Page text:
The personal details of millions of American car owners who have signed up to an assistance program for roadside emergencies offered by the firm drivesure is made public after a hacker illegally breached the firm and dumped multiple sources of its databases on hacking forums. A security researcher from the vendor Risk Based Security discovered the databases on raidforums cracking forums overdue last month, and informed Drivesure of the issue this week. The databases include names, addresses, cellular phone volumes and electronic mails. They also include data on the customers’ vehicles which includes their produce, model and VIN number as well as service records and damage claims. The breach also included 93,000 bcrypt passwords, which are commonly used to secure data that is stored by secure software. These passwords are possible to be manipulated if an attacker runs scripts for hours on them.
Drivesure provides services that aid car dealers build customer loyalty through the use of data from their interactions. The Illinois-based business focuses on employee training programs and consumer retention, among other things.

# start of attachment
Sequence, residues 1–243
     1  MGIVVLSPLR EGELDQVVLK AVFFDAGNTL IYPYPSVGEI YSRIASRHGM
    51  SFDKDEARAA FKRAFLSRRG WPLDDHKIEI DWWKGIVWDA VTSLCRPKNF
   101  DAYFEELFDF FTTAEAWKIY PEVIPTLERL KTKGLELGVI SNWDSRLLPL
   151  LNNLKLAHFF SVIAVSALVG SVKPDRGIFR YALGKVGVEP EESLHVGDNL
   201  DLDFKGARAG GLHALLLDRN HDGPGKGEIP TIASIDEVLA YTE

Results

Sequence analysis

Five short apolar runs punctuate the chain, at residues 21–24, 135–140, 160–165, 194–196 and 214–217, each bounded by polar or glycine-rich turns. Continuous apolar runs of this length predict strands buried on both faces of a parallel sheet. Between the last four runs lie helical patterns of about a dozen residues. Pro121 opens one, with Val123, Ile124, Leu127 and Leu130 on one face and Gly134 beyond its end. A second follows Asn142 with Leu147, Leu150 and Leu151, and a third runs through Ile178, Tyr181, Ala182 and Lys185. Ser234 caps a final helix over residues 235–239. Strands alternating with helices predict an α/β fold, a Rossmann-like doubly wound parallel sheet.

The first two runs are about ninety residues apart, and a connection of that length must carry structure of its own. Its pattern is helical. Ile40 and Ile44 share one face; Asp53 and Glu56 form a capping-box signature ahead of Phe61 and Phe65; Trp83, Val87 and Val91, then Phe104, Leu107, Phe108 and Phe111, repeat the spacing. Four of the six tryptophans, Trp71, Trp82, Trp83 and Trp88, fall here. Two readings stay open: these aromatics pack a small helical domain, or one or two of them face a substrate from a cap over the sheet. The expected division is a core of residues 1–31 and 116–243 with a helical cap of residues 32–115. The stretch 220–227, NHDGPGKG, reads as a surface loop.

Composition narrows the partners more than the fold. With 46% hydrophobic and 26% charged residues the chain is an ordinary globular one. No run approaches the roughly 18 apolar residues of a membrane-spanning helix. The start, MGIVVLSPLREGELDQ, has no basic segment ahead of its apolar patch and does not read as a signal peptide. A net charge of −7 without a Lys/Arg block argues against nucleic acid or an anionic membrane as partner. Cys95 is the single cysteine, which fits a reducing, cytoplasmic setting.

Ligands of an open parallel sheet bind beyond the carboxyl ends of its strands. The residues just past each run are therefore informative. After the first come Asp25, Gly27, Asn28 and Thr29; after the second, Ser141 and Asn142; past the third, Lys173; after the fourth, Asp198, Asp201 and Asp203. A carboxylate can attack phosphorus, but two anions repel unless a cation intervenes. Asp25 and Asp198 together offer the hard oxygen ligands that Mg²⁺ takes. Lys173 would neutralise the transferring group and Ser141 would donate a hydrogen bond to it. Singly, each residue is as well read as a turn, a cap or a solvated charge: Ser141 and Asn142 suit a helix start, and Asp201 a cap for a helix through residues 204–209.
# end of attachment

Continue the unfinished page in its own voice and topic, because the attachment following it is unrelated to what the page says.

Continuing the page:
Thompson exploited a cloud firewall configuration vulnerability to bypass security measures that are in place at the company and gain access to folders and data buckets. She then uploaded the stolen data to GitHub and then slowly updated it as she continued her hacking spree. It is unclear if she intended to make money through her hacking. Other targets with a high profile have been hit over the past few weeks including unemployment claimants in Washington state who were snared up in a breach of an external software application that was used by the auditor and employees of air charter company Solairus Aviation.